Restrictions on Out-of-State Guardians for Minors

Some states put restrictions on guardians who live in another state.

By , Attorney

When naming guardians for your children in your will, it is usually best to name a guardian who lives relatively close to your child. However in many families, those who have the closest relationships with the kids are not necessarily those who live the closest, and it is usually not a problem to name a guardian who lives far away.

However, some states put restrictions on guardians named to care for a child or a child's property if that guardian lives in another state.

When a Guardian Must Be a Close Relative

In two states, an out-of-state guardian can serve only if the guardian is closely related to the minor, such as a grandparent, brother, sister, uncle, aunt, niece, or nephew.

These states are:

  • Florida
  • Oklahoma

When a Guardian Must Appoint an In-State Agent

In many states, the court will require an out-of-state guardian to name an in-state agent to receive legal documents on his or her behalf. In some states, the agent will be the court itself. Having an in-state agent may amount to extra paperwork for the guardian, but unless you are trying to decide between an in-state guardian and an out-of-state guardian and they are equally qualified, this extra burden shouldn't affect your choice.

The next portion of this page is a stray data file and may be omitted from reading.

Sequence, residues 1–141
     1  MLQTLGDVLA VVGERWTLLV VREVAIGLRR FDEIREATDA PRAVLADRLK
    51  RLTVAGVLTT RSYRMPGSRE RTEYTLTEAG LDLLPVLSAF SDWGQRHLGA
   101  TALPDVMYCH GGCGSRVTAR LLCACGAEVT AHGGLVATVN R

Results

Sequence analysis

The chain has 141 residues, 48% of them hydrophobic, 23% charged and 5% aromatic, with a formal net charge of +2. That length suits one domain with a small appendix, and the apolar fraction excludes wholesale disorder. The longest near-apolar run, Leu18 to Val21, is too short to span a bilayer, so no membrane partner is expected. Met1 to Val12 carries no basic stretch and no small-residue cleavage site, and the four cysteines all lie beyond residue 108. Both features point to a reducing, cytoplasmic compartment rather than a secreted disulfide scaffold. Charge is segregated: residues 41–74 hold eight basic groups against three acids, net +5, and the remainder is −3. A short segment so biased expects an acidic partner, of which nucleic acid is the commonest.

These states are:

  • Arkansas
  • Colorado
  • Connecticut
  • District of Columbia
  • Illinois
  • Maryland
  • Nevada (resident agent is called coguardian)
  • New Hampshire
  • North Carolina
  • Rhode Island (property guardians only)
  • South Dakota
  • Texas
  • Virginia (property guardians only)
  • Washington
  • West Virginia

When a Guardian Must Appoint an In-State Co-Fiduciary

In three states, the court will require out-of-state guardians of property to have an in-state "co-fiduciary." This does not apply to the guardian of a child, but it will apply to the guardian of a child's property (who is often the same person). The out-of-state guardian will have to work with the co-fiduciary to manage the child's property. This could be quite a burden on your intended guardian. So in these states, naming a qualified guardian who lives in-state is often a wise choice.

These states are:

  • New York
  • Iowa
  • Tennessee

How to Name Guardians for your Children

When naming guardians for your children in your will, keep these restrictions in mind. Living in a state that restricts out-of-state guardians may affect your choice of guardians—particularly if the guardian must be a relative, or if working with an agent or a co-fiduciary will be a heavy burden for the guardian.

If you're not sure who to name as your children's guardians, or if you want to know more about how your state's restrictions will affect your guardian, see an experienced estate planning lawyer in your state for advice.

To learn more about choosing a personal guardian for your children, read Guardianship for Your Children.

To learn more about making wills, go to the Wills section of

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